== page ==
Letters to the editor: June 19, 2006


I was delighted to read your March 8 article on the possibility of a national pharmacy license. I have been licensed for 30 years, but only in New Jersey. I recently considered applying to several other states for licensure, but each state has different requirements and paperwork. A national license would allow all pharmacists the opportunity to practice in nearby states and to move to another state without the burden of obtaining another license. Thank you for the timely article. I may wait awhile now and hope to see this become a reality!

Shellie Brooks, R.Ph., C.C.P.
Consultant Pharmacist
Pharma-Care, Inc.
Hammonton, N.J.

From your article on national pharmacy licensing, I gather that some state board members are against a national licensure of colleagues. They fear the loss of revenue and state control of practice.

The real issue is that man, by nature, finds it hard to change a habit and will fight the new changes even when it is obvious that these are better than the old ones.

Ike Morah
CVS Pharmacist

Don't give away your services

Don Gudenas' May 8 Viewpoint, "Start charging for your services now," literally took the words out of my mouth. I had just posted similar advice on a pharmacist forum and caught flak from small-minded pharmacists and a doctor who, apparently, doesn't have an appreciation for pharmacists. I received comments ranging from "You are practicing medicine" to "You are money-grubbing."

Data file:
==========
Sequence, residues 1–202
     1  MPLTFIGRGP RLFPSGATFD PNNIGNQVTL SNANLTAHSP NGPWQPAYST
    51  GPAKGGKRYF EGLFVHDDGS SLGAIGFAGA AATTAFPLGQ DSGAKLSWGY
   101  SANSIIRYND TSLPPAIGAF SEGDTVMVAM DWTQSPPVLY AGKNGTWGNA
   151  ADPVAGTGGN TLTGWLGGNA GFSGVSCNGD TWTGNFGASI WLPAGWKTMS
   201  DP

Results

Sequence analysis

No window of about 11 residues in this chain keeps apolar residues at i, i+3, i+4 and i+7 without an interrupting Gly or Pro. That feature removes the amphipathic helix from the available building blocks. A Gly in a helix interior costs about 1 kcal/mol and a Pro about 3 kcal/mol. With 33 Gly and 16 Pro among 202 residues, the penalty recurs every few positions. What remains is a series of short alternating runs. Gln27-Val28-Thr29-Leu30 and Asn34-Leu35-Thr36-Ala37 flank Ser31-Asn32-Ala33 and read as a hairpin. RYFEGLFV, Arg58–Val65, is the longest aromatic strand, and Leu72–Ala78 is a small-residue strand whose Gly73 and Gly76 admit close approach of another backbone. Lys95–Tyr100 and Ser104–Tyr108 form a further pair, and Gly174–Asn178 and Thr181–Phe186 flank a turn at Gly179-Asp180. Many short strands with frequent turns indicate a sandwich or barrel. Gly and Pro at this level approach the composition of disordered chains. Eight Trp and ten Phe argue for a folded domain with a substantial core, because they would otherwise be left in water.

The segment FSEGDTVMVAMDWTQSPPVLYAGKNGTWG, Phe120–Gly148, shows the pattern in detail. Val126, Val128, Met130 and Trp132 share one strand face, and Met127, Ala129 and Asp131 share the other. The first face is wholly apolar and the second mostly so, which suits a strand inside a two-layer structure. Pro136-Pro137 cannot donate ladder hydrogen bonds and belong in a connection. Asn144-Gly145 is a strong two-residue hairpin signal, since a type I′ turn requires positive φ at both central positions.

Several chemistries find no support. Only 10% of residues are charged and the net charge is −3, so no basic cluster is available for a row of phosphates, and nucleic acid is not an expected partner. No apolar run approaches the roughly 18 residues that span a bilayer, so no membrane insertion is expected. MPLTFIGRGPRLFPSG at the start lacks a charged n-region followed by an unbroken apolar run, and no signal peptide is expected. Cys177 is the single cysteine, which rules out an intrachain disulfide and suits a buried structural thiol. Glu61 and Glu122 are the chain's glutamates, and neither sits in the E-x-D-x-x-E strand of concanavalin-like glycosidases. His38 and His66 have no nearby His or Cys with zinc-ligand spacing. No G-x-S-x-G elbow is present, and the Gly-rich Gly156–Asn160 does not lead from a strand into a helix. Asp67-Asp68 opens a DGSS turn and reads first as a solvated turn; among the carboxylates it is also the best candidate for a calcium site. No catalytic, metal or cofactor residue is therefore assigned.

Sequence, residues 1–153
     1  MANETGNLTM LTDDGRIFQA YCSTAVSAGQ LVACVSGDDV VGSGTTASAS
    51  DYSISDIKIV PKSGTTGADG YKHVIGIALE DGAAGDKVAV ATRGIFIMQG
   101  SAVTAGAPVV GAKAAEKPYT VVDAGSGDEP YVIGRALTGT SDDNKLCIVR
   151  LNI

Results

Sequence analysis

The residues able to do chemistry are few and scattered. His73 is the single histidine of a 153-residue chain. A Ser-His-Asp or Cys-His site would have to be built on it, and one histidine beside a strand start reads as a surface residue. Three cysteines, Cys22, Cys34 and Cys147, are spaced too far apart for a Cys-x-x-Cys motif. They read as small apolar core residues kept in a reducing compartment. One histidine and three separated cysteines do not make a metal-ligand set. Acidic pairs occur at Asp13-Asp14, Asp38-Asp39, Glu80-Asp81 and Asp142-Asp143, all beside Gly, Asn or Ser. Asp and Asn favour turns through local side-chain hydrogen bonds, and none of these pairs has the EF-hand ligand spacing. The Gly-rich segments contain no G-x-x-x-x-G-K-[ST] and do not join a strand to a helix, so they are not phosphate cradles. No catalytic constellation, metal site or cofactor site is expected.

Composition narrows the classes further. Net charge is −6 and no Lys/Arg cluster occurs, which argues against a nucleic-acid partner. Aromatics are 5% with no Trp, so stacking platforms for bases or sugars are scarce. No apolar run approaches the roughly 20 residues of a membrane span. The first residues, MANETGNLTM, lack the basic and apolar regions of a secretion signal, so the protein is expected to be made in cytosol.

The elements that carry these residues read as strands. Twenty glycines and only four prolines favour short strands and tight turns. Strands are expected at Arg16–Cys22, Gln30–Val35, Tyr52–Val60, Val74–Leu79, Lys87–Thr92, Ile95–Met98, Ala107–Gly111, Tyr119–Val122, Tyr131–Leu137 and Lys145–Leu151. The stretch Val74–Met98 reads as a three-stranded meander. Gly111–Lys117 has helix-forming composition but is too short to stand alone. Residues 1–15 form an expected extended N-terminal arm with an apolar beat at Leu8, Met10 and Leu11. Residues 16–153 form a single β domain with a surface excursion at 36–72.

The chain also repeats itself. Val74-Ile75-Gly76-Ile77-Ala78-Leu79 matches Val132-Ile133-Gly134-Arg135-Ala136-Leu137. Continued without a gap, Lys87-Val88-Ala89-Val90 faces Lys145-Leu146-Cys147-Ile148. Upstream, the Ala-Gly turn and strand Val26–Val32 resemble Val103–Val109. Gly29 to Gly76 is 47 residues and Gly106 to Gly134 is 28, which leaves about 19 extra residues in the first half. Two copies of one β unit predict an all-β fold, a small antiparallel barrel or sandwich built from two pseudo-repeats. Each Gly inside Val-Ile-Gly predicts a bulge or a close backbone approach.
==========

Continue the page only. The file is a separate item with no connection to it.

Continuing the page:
Folks, really now, wake up! Forget AWP as a way to hide your profit. You need cost + (whatever you need for overhead and your profit) for your prescriptions and you need to charge for questions, MTM, consults, etc. Put your fees on a sign for everyone to see. Train your staff to guard your time like Dobermans. Everybody must make an appointment. Can you walk into your lawyer's office or your doctor's office and ask him/her a question? No! Don't wait for someone in "pharmacy" to tell you that it's OK to charge for your services!

Mark Burger, Pharm.D.
Health First Pharmacy
Windsor, Calif.

If you attempt to charge patients for calling their PBMs, they tell you it's part of the contract and you may not charge or you'll be terminated. I tried this many years ago and the patient called the PBM (PAID) to complain that I charged him for having to call the PBM for a problem the PBM caused. I even made up a sign saying what the fee was for this type of service. PAID called me a few days later and said if I wanted to continue filling Rxs for its clients (at that time my business was 75% PAID), I needed to remove the sign.

Pharmacists do not have enough value in today's society to allow us to charge for the items Don Gudenas wrote about in his Viewpoint. It is our own fault. We have never charged for our information. If people don't pay for something, it has no value.

Daniel Busichio cybrxman@msn.com

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